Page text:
Web hosting for clients


I’ve just gone ahead and signed up for my first reseller account. It looks like the account domain has now propagated and I’ve had no problems connecting via FTP. I’ve logged into WHM and it looks like I need to create a standard package for web clients. Perhaps a couple package types.

The websites are typically quite small, but I’m wondering about what resources should typically be allocated to each client. Maximum number email accounts, quota per email and that sort of thing. For those who have been doing this a while do you have any recommendations and also do you let them have access to cPanel?

I’m trying to find the right balance here between allowing clients adequate resources without abusing the situation, but also not enough rope to mess things up.

EDIT: I should have added that the account has 100gigs of space and 1000 gigs bandwidth limit.


Coming back to this a while later, I set up the reseller account and all running smoothly with a few customers already onboard. I have a job to do with a new client, who has already taken out web hosting through https://www.ionos.co.uk/ on some horrible £1 a month package, including the domain…

I’ve never used them before, but I gather they have a custom control panel and I’m pretty sure the setup will be horrible. How do you convince web clients not to use rubbish cheap hosting? I’m already setting out reasons why this may complicate the setup and how I won’t be able to help them afterwards if issues arise.


This - https://www.shivarweb.com/3280/1-and-1-hosting-review/ - might give you some ammunition.


Thanks, I read that last night and they look pretty horrible, but it often feels like customers have a blind spot on hosting and just want the cheapest option. Then when it’s rubbish they expect the web designer to sort it out.

I have cloud hosting and the cheapest cloud option from 1&1 costs almost £220 a year, which is more than I charge.


Anecdotally, I have a couple of client sites hosted with them and they haven’t caused me any problems. Simple sites though, with limited functionality.


If you can find a technical out that the client might not be interested in refuting, that could be one (like PHP version or something). I wouldn’t want to advocate anything deceptive, obviously; they should be legit concerns.

There are a couple of screenshots from the link Rob posted (under Perfomance) that could scare them away. If you showed them all those ‘F’ scores and said that you’d have to limit their site’s complexity in order to run quickly.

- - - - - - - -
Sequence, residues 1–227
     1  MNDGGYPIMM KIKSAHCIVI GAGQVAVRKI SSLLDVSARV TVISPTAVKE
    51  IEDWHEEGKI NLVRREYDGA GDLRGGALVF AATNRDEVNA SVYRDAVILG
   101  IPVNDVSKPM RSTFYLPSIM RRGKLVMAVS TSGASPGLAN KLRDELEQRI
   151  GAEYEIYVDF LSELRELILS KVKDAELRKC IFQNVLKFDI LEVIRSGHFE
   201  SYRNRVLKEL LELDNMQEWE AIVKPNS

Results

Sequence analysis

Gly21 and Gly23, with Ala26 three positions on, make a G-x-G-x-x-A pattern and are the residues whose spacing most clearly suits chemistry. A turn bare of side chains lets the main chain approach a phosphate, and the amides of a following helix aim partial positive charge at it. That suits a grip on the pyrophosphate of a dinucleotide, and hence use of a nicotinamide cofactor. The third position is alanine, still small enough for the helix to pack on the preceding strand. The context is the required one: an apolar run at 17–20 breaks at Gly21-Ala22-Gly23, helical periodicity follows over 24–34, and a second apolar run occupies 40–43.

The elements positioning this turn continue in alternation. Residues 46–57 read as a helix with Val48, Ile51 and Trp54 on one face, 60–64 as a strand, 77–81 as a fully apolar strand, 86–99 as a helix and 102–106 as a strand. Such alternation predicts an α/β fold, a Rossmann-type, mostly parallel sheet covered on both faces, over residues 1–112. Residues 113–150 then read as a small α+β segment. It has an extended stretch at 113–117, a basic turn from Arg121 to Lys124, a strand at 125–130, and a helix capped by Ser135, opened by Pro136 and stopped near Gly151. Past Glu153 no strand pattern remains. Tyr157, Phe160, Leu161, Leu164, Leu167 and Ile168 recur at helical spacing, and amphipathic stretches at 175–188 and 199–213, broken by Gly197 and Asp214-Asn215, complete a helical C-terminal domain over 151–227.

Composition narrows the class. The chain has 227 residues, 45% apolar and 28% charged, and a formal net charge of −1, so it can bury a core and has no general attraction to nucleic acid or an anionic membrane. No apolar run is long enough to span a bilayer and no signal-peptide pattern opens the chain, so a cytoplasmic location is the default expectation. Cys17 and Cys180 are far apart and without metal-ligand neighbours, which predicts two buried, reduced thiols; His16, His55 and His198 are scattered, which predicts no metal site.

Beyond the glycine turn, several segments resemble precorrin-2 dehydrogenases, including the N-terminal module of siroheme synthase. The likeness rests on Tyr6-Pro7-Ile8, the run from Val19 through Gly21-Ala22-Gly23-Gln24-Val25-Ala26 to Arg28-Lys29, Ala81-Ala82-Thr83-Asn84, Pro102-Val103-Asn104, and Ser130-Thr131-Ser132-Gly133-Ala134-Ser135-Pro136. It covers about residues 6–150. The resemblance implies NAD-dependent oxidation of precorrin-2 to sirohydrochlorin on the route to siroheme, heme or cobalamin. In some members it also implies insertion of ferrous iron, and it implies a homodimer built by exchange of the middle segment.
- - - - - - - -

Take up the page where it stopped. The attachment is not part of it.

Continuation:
Or you could simply have a list of hosting providers that you don’t work with because they have a history of poor performance/support. For the current customer, if they’re paying £1/month, you could offer to cover the remaining months and transfer them to your hosting.


I’ve simply pointed out that any web hosting package costing a £1 a month is going to be “sub-optimal” to use the language of the day and not recommended for business usage.

Furthermore, if any technical issues arise, they would have to deal with the web host directly, because I couldn’t contact support on their behalf, nor could I control how they operate their servers. I’ll see what they reply.


From my terms…

Self-hosted Sites

In certain circumstances, we build self-contained websites that you can host on your own servers. In this instance, we will create a zip file containing all the files you need to upload to your server and make it available to you via email or an online sharing service.

If you choose to self-host before we zip the website up and send it to you, we will first demo it working on our server. This is so you can see that it looks, performs and works as agreed. Once we send you the zip folder, we can offer no further support. We can’t help you publish it to your server, or help with any functionality that might not work on your server.

We’re not unreasonable!

The reason we can’t support the site once we’ve sent it to you is that for a website to work the server must be modern, robust and have all the required up to date software. As it’s not our server, we’ve no idea if it meets any of these requirements. Typically, the cheap hosting companies supply old hardware running outdated software, that’s how they are cheap!